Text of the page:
Beyond Apple's Force/3D Touch? – Is Synaptics the Key?

Posted: August 12, 2016
Contributing Authors: Ray Angers

Beyond Apple's Force/3D Touch? – Is Synaptics the Key?

Last year we looked at the Force Touch technology on the Apple Watch including its construction and its capacitive sensing approach. Later in the year, Apple introduced 3D Touch on iPhone 6s and we have performed a similar analysis (report available soon in the Chipworks Store, please contact us). Since then, there have been many predictions on the rise of force touch adoption in smartphones in 2016. A year has passed and the reality strikes; so far, only the Apple iPhone 6s and 6s Plus, Huawei Mate S, and ZTE Axon Mini have incorporated pressure-sensitive display. Other phones rumored to be equipped with the force touch feature, namely the Samsung Galaxy S7 and Xiaomi Mi5, did not actually ship with such hardware.

Pressure-sensitive display is far from being a one-hit wonder gimmick

In April of this year, Google highlighted the Launcher Shortcut feature in its Android Nougat (Android 7.0) developer preview. The Launcher Shortcut enables the user to perform actions quicker by allowing them to potentially navigate to a specific part of an application by “pressing down” on the screen, similar to how Apple’s 3D Touch operates. Although the feature has been postponed to a future Android version and won’t be included in the Nougat release targeted for Q3 2016, it is a strong indication of Google’s intent to bring the feature into Android, encouraging Android phone manufacturers to incorporate pressure-sensitive display to enable a richer user interaction experience with their phones.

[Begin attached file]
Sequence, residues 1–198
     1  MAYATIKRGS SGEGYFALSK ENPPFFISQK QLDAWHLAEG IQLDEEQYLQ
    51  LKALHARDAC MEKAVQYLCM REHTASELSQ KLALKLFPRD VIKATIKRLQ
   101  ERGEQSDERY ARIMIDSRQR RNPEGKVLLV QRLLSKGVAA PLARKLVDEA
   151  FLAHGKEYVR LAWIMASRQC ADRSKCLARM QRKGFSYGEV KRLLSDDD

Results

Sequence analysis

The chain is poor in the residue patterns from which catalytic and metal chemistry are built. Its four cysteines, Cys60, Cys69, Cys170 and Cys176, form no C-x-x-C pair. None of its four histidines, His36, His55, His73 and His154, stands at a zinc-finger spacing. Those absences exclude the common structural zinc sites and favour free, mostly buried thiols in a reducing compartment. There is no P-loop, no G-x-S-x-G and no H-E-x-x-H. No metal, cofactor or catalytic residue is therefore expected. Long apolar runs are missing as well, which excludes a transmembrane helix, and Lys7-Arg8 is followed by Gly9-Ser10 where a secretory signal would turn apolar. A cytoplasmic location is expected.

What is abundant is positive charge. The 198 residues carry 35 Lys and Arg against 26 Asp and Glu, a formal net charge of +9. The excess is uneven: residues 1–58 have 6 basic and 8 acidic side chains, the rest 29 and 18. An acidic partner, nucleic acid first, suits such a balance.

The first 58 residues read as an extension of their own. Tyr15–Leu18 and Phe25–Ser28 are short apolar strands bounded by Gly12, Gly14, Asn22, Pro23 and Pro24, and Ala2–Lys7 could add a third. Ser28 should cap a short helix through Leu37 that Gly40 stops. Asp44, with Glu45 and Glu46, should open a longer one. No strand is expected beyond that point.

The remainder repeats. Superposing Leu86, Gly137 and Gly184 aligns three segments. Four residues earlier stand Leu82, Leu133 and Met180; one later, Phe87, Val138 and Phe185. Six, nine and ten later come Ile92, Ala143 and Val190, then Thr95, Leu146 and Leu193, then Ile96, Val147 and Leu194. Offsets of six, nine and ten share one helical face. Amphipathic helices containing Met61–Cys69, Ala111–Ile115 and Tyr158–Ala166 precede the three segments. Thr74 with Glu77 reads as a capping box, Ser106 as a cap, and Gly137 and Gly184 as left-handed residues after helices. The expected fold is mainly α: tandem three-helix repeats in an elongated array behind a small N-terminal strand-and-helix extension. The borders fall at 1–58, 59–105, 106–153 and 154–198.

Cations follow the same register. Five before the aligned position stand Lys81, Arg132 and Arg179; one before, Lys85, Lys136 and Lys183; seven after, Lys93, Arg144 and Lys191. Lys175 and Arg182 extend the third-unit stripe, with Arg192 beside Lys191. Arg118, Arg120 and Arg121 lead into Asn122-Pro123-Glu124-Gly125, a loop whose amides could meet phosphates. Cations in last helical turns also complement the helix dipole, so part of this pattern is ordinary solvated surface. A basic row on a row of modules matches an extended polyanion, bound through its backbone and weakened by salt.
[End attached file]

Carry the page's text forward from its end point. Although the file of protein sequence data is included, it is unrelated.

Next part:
The sensing construction on iPhone 6s vs Apple Watch